REACH Advocacy was born in 2015 when a group of citizens said NO to leaving the homeless out in the cold.
In 2014 the eviction of the homeless from their informal shelter in Midtown Garage, and the subsequent displacement and destruction of the Tent City set up in protest, precipitated a crisis.
Although a rough, warehouse-like shelter was arranged for that winter is was clear that more would be needed.
In 2015 the Rochester Emergency Action Committee for the Homeless (REACH) was formed with the mission of providing emergency winter shelter for those homeless persons who were unable to find shelter anywhere else. Thanks to dozens of volunteers REACH has created and staffed an emergency shelter each of the past five winters.
In 2015-16 we housed almost 150 men and women at REACH Home on Prince Street. We successfully placed over 50 persons in permanent housing.
At the end of this experience we reorganized as REACH Advocacy as a way for us to become advocates with and on behalf of the homeless. But soon we realized that there would be the need for another emergency shelter.
In the winter of 2016 – 17 we opened BRIDGE Home on Ontario Street as an emergency shelter. On average we housed over 40 men and women per night during the winter. Many of our guests were placed in permanent housing.
In November 2017 in cooperation with Dimitri House Inc, and the support of many volunteers we opened a new REACH Home for the winter of 2017-18. The Home closed on April 18 after hosting 115 male and 50 female guests, approximately 40% of whom transitioned to appropriate housing. Click here to see what REACH Home looked like.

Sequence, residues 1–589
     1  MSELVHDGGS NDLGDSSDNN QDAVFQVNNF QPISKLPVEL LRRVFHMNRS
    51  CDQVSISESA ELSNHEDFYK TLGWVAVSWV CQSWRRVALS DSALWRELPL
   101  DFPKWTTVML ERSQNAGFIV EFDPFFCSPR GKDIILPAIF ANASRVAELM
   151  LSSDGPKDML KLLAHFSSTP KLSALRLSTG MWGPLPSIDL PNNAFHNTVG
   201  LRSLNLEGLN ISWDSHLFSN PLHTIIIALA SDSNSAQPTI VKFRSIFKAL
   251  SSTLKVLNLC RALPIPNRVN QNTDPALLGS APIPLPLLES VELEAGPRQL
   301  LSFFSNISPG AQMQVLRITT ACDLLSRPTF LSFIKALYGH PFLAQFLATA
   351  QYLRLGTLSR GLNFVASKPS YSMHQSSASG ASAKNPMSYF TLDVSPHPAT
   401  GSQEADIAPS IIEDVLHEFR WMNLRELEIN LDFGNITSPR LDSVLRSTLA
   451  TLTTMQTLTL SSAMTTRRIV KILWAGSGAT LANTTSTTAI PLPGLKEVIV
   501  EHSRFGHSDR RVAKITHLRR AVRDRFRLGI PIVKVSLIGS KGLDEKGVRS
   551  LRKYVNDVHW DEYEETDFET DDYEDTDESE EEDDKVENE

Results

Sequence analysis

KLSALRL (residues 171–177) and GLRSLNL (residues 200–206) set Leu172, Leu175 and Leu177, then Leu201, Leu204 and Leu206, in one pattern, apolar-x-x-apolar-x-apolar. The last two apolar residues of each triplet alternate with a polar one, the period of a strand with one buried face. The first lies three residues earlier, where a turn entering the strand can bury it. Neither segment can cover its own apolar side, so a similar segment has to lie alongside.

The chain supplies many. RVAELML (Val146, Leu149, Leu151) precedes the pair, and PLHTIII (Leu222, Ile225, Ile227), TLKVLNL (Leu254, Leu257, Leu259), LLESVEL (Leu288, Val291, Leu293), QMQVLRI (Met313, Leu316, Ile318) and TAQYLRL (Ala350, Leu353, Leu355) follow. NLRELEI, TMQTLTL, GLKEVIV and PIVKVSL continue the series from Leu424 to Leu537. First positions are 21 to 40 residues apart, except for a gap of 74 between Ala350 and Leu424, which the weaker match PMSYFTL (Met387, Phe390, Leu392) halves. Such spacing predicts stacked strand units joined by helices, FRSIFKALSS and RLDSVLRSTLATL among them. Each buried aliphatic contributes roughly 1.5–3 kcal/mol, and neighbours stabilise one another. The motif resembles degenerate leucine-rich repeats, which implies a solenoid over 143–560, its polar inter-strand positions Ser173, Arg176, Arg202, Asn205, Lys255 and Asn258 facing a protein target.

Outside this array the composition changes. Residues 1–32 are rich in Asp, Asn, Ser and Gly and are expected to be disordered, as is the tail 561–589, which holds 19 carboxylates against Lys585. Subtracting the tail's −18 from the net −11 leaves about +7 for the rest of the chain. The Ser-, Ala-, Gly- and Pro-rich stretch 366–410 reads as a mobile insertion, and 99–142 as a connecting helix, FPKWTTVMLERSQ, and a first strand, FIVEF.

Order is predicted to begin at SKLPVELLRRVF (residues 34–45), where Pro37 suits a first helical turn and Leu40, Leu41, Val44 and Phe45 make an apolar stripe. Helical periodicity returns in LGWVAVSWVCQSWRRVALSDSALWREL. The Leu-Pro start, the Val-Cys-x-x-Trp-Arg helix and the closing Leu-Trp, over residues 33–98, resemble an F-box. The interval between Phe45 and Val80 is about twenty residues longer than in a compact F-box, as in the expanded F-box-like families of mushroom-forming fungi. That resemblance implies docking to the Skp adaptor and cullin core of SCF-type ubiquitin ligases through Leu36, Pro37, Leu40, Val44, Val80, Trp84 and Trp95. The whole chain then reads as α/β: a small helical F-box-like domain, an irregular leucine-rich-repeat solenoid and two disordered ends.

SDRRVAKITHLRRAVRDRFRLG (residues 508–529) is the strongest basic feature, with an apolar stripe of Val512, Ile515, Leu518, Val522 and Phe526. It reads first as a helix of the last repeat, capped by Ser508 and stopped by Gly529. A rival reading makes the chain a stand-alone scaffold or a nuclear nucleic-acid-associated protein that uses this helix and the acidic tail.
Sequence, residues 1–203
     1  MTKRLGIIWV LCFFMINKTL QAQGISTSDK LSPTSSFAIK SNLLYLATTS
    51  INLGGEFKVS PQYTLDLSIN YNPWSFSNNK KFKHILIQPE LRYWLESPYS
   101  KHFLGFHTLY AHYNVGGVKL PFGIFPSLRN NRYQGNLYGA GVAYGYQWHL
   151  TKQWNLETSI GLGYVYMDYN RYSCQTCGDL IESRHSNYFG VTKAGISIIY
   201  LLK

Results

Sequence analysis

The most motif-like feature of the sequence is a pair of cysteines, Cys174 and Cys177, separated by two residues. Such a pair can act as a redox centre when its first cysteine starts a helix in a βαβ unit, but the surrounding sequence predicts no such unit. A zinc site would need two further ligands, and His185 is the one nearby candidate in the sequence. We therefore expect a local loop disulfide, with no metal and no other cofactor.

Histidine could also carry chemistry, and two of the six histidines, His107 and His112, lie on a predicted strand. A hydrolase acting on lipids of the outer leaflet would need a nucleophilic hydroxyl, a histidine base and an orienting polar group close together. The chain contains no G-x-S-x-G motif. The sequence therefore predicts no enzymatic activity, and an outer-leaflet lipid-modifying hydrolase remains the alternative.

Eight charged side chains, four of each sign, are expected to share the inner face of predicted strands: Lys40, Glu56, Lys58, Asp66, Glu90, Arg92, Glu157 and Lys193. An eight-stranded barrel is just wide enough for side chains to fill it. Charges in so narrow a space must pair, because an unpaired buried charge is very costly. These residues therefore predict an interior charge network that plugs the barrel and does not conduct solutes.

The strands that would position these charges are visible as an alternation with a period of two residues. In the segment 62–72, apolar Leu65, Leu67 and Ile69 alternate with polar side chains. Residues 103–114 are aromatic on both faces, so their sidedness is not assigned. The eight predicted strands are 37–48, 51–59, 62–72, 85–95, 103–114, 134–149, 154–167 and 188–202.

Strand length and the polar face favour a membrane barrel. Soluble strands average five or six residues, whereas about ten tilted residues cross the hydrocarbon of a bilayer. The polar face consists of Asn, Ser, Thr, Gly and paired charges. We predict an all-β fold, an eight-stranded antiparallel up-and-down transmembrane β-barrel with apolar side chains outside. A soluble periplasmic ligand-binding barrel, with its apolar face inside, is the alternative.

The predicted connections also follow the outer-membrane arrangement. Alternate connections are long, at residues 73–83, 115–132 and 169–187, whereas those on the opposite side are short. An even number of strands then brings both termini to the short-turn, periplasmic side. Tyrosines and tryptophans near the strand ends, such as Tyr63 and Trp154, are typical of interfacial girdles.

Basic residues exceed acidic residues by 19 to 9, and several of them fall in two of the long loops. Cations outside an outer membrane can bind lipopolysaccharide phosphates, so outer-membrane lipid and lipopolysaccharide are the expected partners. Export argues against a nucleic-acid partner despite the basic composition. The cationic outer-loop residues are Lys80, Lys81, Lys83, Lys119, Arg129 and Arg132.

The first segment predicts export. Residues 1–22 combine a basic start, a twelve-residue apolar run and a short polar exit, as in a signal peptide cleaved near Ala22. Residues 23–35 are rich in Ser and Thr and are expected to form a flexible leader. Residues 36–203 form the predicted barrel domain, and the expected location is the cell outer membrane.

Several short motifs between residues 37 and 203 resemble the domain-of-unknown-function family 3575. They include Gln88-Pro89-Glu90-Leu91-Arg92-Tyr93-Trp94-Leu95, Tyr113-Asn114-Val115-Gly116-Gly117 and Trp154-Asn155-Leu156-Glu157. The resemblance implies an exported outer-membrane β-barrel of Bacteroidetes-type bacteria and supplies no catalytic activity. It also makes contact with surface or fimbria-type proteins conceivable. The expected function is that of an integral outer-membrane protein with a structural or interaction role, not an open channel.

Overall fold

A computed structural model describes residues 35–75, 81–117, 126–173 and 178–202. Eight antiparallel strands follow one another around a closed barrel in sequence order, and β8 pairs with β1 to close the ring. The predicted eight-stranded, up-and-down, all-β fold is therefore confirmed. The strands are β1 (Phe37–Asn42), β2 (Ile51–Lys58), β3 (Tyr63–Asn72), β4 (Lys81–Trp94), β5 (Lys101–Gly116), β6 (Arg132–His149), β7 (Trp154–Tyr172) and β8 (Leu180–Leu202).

During the winter of 2018-19 we were fortunate to be able to continue to partner with Dimitri House to operate the REACH Home on Union Street. Thanks to the efforts of our social work team more than 40% of our guests transitioned to permanent housing.
Our 2019-20 low-barrier emergency temporary wintertime shelter was at 720 West Main St., and operated from Thanksgiving through the end of April. Special thanks to Brother Antonios and the Coptic Christian Community, who gave us the use of their former monastery, and to the many volunteers who made a successful season possible.
As the pandemic surged in early spring it became clear that many of the housing-deprived would be at high risk, and that crowded shelters would provide an ideal environment for spreading the virus. With the support of the Monroe County Department of Human Services Emergency Housing Unit a collaborative effort to support hotel-based housing for those most at risk was put in place. The results were successful beyond expectations; read the latest report here.
Tiny Home Village
Beyond addressing immediate needs we work to find sustainable housing solutions and services to reduce the recurring need for these emergency arrangements. During the summer of 2018 we turned toward enabling a possible community of Tiny Homes.
Our story doesn’t end here. Please join us, and help us write a new chapter for Rochester’s homeless population.